bipolardoc

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My girl friend is an RN. We has a discussion about different heart sounds. We somewhat of a difference in opinion, she says not everyone has S3, and S4, it is only for those who are ill. I said it is normal and everyone has an S1, S2, S3, and S4.

My question does everyone have an S1, S2, S3, and S4

Can someone just have an S1, and S2 and not the latter two.

I know that sometimes S3, and S4 are heard at earlier ages, etc.. Are S3, and S4 indication of abnormality and if so in what way.

Thank you guys!
 
OP
bipolardoc

bipolardoc

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My girl friend is an RN. We has a discussion about different heart sounds. We somewhat of a difference in opinion, she says not everyone has S3, and S4, it is only for those who are ill. I said it is normal and everyone has an S1, S2, S3, and S4.

My question does everyone have an S1, S2, S3, and S4

Can someone just have an S1, and S2 and not the latter two.

I know that sometimes S3, and S4 are heard at earlier ages, etc.. Are S3, and S4 indication of abnormality and if so in what way.

Thank you guys!
 

soonereng

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My girl friend is an RN. We has a discussion about different heart sounds. We somewhat of a difference in opinion, she says not everyone has S3, and S4, it is only for those who are ill. I said it is normal and everyone has an S1, S2, S3, and S4.

My question does everyone have an S1, S2, S3, and S4

Can someone just have an S1, and S2 and not the latter two.

I know that sometimes S3, and S4 are heard at earlier ages, etc.. Are S3, and S4 indication of abnormality and if so in what way.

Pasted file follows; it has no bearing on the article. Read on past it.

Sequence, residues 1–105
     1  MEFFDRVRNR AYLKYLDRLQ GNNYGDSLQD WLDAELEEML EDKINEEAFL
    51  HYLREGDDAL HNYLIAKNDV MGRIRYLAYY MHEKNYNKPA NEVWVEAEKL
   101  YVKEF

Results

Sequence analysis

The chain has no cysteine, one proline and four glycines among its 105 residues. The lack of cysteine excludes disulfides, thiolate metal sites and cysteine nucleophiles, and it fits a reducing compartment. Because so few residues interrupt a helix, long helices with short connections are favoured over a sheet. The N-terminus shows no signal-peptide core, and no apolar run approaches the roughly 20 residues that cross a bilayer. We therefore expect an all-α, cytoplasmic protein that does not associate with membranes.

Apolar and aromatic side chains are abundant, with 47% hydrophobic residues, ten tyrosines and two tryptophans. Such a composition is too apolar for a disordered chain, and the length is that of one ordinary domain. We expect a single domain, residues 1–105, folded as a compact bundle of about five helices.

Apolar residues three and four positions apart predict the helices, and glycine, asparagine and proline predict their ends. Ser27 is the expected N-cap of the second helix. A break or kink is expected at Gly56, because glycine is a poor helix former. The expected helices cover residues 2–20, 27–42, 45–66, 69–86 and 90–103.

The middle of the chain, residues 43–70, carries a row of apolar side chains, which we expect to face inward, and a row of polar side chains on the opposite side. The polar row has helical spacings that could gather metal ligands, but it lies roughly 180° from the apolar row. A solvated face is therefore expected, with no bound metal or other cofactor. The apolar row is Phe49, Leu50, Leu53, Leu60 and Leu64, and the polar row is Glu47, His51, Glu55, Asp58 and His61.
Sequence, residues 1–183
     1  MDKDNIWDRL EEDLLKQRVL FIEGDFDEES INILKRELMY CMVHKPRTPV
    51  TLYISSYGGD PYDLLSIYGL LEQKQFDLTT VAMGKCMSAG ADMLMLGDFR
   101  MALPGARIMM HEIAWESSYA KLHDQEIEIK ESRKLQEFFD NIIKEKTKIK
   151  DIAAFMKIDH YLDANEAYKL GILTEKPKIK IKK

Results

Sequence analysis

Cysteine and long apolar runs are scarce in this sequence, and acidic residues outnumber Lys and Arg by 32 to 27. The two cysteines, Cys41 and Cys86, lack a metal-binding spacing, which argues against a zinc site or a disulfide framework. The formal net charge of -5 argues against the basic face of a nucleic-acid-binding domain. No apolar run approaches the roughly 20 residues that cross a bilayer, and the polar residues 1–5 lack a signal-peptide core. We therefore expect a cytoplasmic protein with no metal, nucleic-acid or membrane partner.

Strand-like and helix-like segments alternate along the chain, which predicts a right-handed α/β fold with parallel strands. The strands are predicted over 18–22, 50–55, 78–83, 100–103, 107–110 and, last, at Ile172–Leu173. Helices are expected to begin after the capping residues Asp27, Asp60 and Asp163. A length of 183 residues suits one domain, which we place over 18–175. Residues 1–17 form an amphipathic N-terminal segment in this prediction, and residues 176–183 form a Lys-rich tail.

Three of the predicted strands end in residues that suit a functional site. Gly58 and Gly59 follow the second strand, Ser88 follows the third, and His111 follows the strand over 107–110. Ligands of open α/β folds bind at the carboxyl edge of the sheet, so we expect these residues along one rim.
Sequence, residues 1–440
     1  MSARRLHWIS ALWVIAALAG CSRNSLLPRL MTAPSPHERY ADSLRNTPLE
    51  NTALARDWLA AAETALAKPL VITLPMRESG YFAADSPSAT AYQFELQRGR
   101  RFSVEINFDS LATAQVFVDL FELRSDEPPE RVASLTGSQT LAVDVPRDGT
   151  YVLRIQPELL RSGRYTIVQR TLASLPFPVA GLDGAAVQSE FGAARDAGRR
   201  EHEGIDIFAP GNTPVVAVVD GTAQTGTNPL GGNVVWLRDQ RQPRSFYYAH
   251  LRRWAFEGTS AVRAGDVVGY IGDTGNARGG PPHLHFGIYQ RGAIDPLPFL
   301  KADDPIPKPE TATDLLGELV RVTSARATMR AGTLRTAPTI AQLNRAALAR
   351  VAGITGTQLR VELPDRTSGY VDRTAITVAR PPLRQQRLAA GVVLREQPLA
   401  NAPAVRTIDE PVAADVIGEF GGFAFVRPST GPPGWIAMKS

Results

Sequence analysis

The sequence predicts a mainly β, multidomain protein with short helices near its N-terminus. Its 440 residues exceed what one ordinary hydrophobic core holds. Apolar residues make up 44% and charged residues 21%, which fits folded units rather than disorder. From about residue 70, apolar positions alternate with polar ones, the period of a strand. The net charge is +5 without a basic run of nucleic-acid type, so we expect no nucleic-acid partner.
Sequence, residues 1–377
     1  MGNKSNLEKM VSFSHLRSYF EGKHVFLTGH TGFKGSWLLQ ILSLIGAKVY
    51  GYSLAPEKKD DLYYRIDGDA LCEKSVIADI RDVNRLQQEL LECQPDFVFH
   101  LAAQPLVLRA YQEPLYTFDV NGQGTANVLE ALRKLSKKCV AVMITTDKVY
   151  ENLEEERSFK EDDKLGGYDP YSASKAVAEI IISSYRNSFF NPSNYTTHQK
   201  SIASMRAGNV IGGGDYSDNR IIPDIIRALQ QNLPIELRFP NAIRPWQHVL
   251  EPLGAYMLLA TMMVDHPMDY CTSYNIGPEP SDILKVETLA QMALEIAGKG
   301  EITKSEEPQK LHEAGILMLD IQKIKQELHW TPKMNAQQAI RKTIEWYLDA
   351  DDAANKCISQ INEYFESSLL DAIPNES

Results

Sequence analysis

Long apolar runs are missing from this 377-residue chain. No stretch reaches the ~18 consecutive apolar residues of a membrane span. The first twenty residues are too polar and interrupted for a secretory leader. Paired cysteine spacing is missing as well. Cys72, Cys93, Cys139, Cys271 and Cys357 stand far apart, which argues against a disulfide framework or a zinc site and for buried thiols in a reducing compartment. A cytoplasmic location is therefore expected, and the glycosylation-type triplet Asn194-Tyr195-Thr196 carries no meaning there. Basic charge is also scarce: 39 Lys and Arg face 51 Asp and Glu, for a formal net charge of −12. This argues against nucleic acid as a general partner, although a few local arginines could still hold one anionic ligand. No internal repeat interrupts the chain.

Thank you guys!
R U Serious?

Ever Heard Of the Internets?
 

alwaysaangel

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Your girlfriend is a nurse - she's been trained in this and yes she knows better than you. S3 and S4 are signs of pathology in adults.
 

masterofmonkeys

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the nurses win.

S4 is a classic sign in CHF. USUALLY you will hear this in anyone with compromised heart function, regardless of whether they're stable or not. USUALLY.

S3 is often heard in CHF patients who are decompensated or in an acute episode.
 

PeepshowJohnny

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Your girlfriend is correct. Most "normal" people will typically only have S1 and S2.

S3 (following S2 and thus, early diastole) can be thought of as the blood entering a ventricle that is already full and thus producing a noise. Thus, it's often heard in people with heart failure where a low ejection fraction means there is a lot of retained volume in the ventricle. Thus, in adults it can be pathological. However, kids have such hyperdynamic circulations (accept a lot of blood, pump a lot of blood) they can produce this noise too and it can be completely benign.

S4 (preceding S1 and thus, late diastole) is thought to be due to the atrial kick expelling blood against a stiff venticular wall. Thus, it is almost always pathologic (even in children, although I've read a few sources only that say kids have have a physiologic S4) from things like aortic stenosis or certain cardiomyopathies that decrease venticular compliance.